Even though based on a simple concept, the film is engaging for multiple reasons. The writing is razor sharp, humour is generously sprinkled in the screenplay (there is no preaching) and the characters are ones that we have all encountered. The dynamics of a joint family are expertly crafted; Bauji as the patriarchal head who runs riot, Rishi as the caring but unhappy younger brother, the love-hate relationship between jethani–devrani and the constant jostling for freedom and privacy between children and their parents. A great example is of Rita who humours Bauji in the beginning out of selfishness but starts resenting him the moment he does not do what she wants for her wedding. Also by having the film set in old Delhi (without the Punjabiness), comes the middle class mohalla (cramped spaces, narrow lanes, common boundary walls and joined ‘chhats’) and its colourful mohallawallas who frequently eavesdrop and have an opinion on each other’s personal matters. It grounds the film in realism and gives it a lived-in atmosphere. All attributes like the hustle bustle, constant bickering and taunting is captured with absolute clarity by DOP Rafey Mohammed who sets up his frames with painstaking attention.
The performances are sizzling. Seema Pahwa as the perennially nagging wife is her energetic best without seeming foolish. It is fun to watch her spar with the others and deliver sarcasm with precision. Maya Sarao, Rajat Kapoor, Namit Das and the brilliant Brijendra Kala along with a host of others do extremely well within their scope. Kapoor especially, delivers a standout moment in the pre-climax. But it’s Sanjay Mishra who is front and centre of the story and is terrific as Bauji. Mishra, best known for his comedic side appearances in Rohit Shetty films (one of his iconic lines ‘Dhondhu just chill’ is a personal favourite) gets a fully realised and well written part here that he sinks his teeth into. Because he is the head of the family, Mishra gets to play multiple parts in one. This adds layers of complexity to his performance (his physical appearance of an unkempt beard, grizzled hair only adds to the theatrics). He is restrained, hilarious in moments; a string connecting the absurdity and hilarity is of a boy who talks for 3 days continuously and its only Bauji who remains silent in his presence amidst all the cacophony and is worldly wise (he re-discovers his love for gambling in a funny scene) who wants to actually experience every detail before believing in it. He also gets to display a gamut of emotions. In a pivotal scene, after Rishi decides to move out with his family, he gets upset and refuses to acknowledge it – deflecting his hurt by getting angry at Pushpa. In the excellent following scene which is a close up of his face, he is surrounded by people who are chatting. He is zoned out and forlorn and displays his sadness just through his eyes and face, without saying a word. It is brilliant to watch.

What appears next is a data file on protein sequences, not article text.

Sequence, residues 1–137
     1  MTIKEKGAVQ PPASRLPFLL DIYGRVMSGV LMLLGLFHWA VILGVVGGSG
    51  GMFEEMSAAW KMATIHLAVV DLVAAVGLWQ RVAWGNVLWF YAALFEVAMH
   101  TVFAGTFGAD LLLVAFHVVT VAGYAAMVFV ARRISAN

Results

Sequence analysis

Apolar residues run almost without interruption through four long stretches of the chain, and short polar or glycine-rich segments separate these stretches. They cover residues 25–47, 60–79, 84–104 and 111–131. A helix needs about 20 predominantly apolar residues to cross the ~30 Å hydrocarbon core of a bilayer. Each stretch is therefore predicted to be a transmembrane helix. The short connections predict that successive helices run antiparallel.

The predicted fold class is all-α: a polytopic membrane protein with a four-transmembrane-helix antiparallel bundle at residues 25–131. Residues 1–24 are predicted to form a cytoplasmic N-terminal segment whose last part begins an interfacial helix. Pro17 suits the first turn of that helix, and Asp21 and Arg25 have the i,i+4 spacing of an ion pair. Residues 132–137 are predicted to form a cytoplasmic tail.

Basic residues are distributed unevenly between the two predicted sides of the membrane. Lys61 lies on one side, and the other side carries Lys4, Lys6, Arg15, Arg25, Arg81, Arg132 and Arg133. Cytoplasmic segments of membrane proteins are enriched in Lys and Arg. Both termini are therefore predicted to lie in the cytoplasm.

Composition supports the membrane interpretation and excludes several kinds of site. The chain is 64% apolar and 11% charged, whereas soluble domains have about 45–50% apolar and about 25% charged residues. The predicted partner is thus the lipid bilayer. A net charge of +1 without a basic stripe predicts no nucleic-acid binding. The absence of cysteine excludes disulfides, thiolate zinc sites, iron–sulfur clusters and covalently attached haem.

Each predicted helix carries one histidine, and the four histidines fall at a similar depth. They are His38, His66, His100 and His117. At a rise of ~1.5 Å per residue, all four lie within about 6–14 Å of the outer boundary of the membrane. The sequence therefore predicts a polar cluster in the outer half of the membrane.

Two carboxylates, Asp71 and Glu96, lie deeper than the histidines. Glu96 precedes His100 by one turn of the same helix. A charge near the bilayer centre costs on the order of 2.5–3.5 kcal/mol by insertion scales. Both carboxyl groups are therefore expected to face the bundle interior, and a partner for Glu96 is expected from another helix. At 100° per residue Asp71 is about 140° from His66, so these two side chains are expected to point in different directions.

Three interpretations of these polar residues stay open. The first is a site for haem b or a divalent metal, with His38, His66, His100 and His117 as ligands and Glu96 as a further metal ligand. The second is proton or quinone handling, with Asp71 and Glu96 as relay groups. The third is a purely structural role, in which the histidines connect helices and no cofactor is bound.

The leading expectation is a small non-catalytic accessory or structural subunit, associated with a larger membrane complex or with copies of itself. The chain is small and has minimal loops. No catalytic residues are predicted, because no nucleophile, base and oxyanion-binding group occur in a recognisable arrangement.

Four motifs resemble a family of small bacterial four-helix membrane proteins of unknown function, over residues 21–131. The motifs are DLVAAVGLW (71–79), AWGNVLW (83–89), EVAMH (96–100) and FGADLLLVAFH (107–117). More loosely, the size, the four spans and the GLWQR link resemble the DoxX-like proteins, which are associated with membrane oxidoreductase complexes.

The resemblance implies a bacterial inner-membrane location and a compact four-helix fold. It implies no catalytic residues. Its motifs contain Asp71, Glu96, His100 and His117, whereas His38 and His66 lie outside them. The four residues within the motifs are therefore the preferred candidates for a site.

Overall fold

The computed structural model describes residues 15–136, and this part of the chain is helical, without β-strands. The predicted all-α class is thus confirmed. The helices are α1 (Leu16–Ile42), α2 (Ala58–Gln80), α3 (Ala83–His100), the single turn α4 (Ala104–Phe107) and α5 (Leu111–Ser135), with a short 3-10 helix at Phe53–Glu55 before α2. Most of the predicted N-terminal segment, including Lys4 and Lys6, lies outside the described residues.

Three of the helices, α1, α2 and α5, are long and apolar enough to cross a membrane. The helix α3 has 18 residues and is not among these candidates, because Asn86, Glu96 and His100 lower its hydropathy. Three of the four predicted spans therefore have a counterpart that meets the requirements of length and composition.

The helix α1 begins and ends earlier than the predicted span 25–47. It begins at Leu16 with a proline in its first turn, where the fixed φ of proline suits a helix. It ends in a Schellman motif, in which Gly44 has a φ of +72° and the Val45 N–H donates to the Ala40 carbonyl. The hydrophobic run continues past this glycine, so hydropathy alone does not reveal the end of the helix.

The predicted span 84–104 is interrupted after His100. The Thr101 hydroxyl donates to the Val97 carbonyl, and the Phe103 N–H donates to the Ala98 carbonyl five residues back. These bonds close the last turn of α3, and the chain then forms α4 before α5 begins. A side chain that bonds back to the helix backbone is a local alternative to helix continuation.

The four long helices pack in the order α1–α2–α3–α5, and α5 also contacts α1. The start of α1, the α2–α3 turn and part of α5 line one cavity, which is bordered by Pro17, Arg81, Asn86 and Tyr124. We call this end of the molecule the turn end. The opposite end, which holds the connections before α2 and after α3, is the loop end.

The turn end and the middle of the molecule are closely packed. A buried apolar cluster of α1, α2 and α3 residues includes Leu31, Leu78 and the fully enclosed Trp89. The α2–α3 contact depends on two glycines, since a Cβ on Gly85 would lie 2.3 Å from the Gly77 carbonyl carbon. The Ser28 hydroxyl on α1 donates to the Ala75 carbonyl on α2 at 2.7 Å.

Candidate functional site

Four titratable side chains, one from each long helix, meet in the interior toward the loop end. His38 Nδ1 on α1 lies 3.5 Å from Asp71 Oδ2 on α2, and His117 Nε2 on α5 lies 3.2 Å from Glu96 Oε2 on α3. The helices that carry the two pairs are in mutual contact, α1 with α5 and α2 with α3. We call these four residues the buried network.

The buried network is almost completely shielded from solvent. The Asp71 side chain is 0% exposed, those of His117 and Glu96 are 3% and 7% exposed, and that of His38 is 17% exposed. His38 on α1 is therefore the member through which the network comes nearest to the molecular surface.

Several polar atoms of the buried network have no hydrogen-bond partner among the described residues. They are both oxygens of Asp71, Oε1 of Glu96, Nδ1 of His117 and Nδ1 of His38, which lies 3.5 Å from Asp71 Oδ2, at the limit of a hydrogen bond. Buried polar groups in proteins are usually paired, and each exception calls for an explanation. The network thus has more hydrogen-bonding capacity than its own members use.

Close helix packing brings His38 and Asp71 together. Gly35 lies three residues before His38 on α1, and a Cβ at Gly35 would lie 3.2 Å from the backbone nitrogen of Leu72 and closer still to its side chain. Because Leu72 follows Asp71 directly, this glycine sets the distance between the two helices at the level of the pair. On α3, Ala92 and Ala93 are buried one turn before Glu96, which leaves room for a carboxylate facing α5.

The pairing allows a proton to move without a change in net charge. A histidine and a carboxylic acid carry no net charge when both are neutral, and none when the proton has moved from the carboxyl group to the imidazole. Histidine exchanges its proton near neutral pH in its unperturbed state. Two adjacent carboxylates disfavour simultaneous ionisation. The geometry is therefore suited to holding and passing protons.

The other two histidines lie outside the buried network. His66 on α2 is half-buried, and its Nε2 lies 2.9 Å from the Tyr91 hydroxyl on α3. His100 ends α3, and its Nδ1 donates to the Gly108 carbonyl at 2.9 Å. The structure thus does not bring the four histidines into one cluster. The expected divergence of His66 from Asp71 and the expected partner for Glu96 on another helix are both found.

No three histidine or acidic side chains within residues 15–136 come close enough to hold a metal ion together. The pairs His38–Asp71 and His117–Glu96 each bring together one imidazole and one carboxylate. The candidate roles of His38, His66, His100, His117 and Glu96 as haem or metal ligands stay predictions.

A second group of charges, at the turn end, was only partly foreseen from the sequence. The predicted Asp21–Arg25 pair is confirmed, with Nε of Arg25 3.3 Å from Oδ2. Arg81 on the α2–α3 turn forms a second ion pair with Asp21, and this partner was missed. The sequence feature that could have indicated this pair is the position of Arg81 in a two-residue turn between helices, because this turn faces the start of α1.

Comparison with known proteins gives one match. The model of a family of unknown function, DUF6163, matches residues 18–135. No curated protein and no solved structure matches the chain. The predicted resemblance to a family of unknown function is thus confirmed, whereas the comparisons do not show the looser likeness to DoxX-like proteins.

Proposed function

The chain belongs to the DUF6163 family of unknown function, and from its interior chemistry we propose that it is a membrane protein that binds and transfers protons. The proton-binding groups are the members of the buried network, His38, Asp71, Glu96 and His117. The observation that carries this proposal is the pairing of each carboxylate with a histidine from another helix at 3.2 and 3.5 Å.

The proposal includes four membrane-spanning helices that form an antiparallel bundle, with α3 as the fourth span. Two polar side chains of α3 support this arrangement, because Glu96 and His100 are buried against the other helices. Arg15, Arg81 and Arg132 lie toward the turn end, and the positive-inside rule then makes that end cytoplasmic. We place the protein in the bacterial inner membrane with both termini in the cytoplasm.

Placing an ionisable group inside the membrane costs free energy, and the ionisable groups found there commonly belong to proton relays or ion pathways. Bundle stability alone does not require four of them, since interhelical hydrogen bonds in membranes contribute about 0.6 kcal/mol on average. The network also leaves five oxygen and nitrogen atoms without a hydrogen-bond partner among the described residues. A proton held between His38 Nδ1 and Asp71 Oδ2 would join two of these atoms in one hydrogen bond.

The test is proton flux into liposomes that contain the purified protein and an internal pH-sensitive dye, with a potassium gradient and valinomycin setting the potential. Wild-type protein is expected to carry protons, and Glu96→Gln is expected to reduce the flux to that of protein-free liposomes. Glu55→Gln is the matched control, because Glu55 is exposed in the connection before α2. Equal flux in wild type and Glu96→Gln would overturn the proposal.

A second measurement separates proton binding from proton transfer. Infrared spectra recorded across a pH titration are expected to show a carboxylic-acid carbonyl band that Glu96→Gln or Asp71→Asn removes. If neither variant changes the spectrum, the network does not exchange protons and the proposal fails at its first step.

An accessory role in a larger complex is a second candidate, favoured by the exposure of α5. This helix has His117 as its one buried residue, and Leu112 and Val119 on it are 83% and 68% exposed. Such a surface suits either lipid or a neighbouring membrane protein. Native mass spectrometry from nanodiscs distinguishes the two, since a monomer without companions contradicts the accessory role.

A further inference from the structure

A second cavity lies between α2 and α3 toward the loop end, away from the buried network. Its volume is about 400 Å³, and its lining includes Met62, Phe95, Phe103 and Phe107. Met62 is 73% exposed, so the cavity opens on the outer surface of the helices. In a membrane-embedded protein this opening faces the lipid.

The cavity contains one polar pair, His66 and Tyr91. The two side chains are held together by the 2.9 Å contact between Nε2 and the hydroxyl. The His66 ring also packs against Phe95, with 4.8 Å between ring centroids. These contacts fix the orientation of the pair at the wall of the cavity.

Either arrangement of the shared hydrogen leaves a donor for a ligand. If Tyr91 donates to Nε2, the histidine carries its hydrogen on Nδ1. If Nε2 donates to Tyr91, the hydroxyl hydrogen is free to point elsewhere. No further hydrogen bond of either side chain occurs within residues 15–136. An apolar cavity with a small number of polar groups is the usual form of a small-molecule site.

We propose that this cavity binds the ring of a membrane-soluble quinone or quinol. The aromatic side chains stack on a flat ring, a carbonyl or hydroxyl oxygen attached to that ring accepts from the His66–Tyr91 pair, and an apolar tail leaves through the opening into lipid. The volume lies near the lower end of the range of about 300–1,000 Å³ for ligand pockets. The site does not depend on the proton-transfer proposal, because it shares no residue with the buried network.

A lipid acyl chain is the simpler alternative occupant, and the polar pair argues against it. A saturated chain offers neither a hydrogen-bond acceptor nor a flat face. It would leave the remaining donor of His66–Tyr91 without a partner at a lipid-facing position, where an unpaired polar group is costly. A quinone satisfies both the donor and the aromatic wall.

Overall, Aankhon Dekhi is an extremely refined, nicely whimsical and deeply cerebral film that highlights the contrast of reality vs truth. It forces you to look inward and contemplate on your own belief system and is a classic that needs discovery.
Disclaimer: This article has not been written by Film Companion’s editorial team.